Covintree is a graduate student and expository writing instructor in the Writing, Literature, and Publishing department at Emerson College. In this essay, Covintree explores Spires's poem in terms of formal elements of structure as well as how structure creates poetic tension.

What Do I Read Next?

  • To understand and appreciate the development and mainstays of a poet over time, one should read both the latest and the earliest of the poet's material. Spires's first volume is Globe (1981), collected from poems she composed as a master's student. Though she was a very young writer at the time, these poems show the maturity and insight of one much more experienced. They make for an interesting comparison to the poems in her later books.
  • Rooms Are Never Finished (2003), by renowned Indian poet Agha Shahid Ali, is a striking collection of ghazals inspired by the recent death of his mother. Like Spires's book based on her own mother's death, Ali's poems explore loss and family bonds, as well as the journey back to his homeland of Kashmir to lay his mother to rest.
  • There are thousands of websites about ghazals, many offering helpful insights into the history, form, and current application of this style of poetry. One of the best is the AHA! Poetry site at featuring easily understandable commentary on ghazals, the rules of their form, and a nice selection of sample poems. This site is an online branch of AHA Books of Gualala, California.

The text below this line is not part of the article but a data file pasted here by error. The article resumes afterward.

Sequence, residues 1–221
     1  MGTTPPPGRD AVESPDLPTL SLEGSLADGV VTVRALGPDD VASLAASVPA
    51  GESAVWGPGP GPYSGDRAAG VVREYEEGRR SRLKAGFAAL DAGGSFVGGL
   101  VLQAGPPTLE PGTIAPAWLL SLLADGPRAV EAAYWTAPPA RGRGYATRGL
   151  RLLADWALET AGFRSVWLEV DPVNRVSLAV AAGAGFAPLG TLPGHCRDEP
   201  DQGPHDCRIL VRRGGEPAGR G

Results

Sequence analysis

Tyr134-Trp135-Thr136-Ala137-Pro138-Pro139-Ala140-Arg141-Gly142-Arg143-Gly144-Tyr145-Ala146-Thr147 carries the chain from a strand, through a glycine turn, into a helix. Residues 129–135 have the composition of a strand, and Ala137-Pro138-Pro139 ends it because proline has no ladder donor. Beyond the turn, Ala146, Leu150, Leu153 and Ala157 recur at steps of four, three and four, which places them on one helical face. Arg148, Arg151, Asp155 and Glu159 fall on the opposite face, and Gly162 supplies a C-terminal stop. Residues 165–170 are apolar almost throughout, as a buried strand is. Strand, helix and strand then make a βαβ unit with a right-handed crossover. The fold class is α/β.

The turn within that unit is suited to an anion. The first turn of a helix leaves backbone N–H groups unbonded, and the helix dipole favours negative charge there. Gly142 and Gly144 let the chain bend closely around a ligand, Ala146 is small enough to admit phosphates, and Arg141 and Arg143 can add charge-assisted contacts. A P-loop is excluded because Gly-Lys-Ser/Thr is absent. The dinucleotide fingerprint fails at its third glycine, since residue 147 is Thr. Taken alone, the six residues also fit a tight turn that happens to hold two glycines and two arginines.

• The award-winning author of A Wrinkle in Time, Madeline L'Engle collaborates with her photographer daughter, Maria Rooney, in a wonderful collection of both prose and photos called simply Mothers and Daughters. L'Engle's stirring text about family bonds among women is woven through Rooney's beautiful black and white photography of mothers and daughters from all races and ethnic backgrounds.

Following in the footsteps of the ancient Turks and Persians, Spires includes a poem titled "Ghazal" in her fifth book of poems, Now the Green Blade Rises. In Spires's case, this poem is a direct elegy for her mother, who died in 1998, and to whom the collection is dedicated. The first section of this book is filled with poems of loss and grief, and Spires uses this specific poem to move the reader through the initial days after her mother's death. In a 1995 interview for the Southwest Review, Spires told A.V. Christie that she believes "everything is connected and that we go on in some form or fashion and possibly that form or fashion leads us back into physical existence." Based on this quote and the title of her poem, it is apparent that Spires is aware of how important structure is to a poem. Spires chooses the ghazal form to echo her obsession and meditation surrounding her mother's death.